Wednesday, September 22, 2010

Hobbit - J. R. R. Tolkien

                      I read the Hobbit and The Lord of the Rings when I was in middle school.  I remember I had borrowed the books from one of my dad’s friends and it was a big deal because they were some special editions or something and it took me about a month to read each book.  Anyways,  back then I did not really realize the scope of Middle Earth and all of Tolkien’s labors.  I was just really focused on hearing this popular tale and being able to pass some test that checked my comprehension.

I had not realized that Tolkien had put so much effort into developing this idea of Middle Earth, and languages, and all the inhabitants.  I am glad to revisit the Hobbit because I do not remember the voice it was told in before.  I like to imagine it, as a lonely old man who has some story the he knows you are craving to hear.  The old fellow is happy to have company and chit chat so he lets himself get side-tracked with family history or any other fun facts that may enter his mind but are not absolutely vital to the story (It is a little funny to note that the gentleman that I originally borrowed the books from had a model train set up throughout his garage, but I digress, and that seems to be the exact kind of side note the old Narrator would mention.)  I like this kind of narration for the tale because it adds that kind of feeling of attachment to the story.  If I were a reporter trying to get some scoop from some random old grandpa in a nursing home I would be frustrated and bored to tears with his ranting but, I am reading the book for pleasure and there is no rush.  There are too many details to try to soak up as the tale unfolds so I feel like I might as well stop and smell the roses from time to time.  I really do not have much personal interest in the Took ancestry but, when Tolkien mentions in passing how a Took simultaneously clubbed an ogre’s head off and invented golf, I am delighted.  Those little things give the writing so much down homey charm that nonstop-action-packed-thrill-rides lack.  The whole development of every aspect of Middle Earth seems to be an act of love.  Now that I know that Tolkien was an orphan and a soldier, I wonder if this realm was his escape of sorts.  That seems like a really easy psychobabble answer.  He could have just been a Star Trek nerd a few years premature.  Either way, I am impressed he cultivated this idea his whole life and, I am glad it wound up making him money and our entertainment.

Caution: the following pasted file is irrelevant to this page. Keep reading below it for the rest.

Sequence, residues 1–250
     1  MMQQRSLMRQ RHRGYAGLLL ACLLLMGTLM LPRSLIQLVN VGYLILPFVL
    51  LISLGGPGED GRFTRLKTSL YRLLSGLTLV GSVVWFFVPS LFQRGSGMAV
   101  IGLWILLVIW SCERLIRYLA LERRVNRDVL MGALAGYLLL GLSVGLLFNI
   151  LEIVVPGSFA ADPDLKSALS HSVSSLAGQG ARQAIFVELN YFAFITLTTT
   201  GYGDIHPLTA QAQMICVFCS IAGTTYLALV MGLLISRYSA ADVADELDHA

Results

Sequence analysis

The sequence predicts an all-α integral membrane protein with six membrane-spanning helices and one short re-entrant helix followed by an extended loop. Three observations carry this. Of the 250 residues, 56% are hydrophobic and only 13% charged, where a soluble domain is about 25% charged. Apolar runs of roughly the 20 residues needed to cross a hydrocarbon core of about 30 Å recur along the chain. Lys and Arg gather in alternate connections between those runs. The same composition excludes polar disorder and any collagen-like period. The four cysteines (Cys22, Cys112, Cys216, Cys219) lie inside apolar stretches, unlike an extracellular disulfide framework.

Interview with the Vampire - Anne Rice

            Unfortunately, I had seen the movie before I read the book for this class so everything I am envisioning as I read is narrated by Brad Pitt.  I have the same problem with Edward Norton Narrating all of Chuck Palahniuk books in my head thanks to Fight Club.  Other than that, I would say Anne Rice has got a good thing going here with Louis reflecting on all of his vampire existence.  I like the emotional aspects of vampires and the toll that immortality takes on a soul.  If a vampire even has a soul.  The plight for humans seems to be that life sucks and we do not know what happens afterwards.  Our happiness is Depending upon how much your life sucks and what you hope happens after death.  Vampires are stuck in this life for God knows how long in a constant state of suck.  Humans can at least hope there is a light at the end of the tunnel with whatever religion they subscribe to.  I imagine you suddenly loose any sense of urgency when you are going to be around until the end of the world.  The only real deadlines to be met are coffin time by sunlight and feeding. 
            What I do not get about vampires is why they value human blood as the highest.  If you go with the thought that vampires are a myth created by humans then it makes sense to make our blood the most coveted to increase their fright factor.  However, whenever I over analyze it I think about how a human bite wound is more dangerous than a dog bite because of all the filthy things we have growing in our mouths.  In composting, human fecal matter is the most difficult and time consuming matter to use due to it’s high toxicity.  It stands to reason that human blood would not be the purest around.  I  agree that the fresh blood of youth would be desirable but, maybe from seal cub or kitten.  I think Lestat once said he was dizzy from the blood of a wine drunk guy or something and he did not enjoy it.  In modern society, if a vampire wanted to keep a low profile, the easiest people to prey upon would be the homeless and hookers.  Their disappearance would go largely unnoticed and most authorities would probably say good riddance.  The only problem is that in modern society most of those people have some sort of addiction or transmittable disease.  I do not want to put a negative generalization on down trodden people but I would definitely need some substance to cope with the horrors of homelessness or prostitution.  I guess being undead makes you invulnerable to diseases but I am wondering if a vampire could pick up a meth addiction from feeding off a addict.  Then the vampire would have to quench his need for blood and crystal meth.  Vampirism would take marijuana’s place as the gateway drug.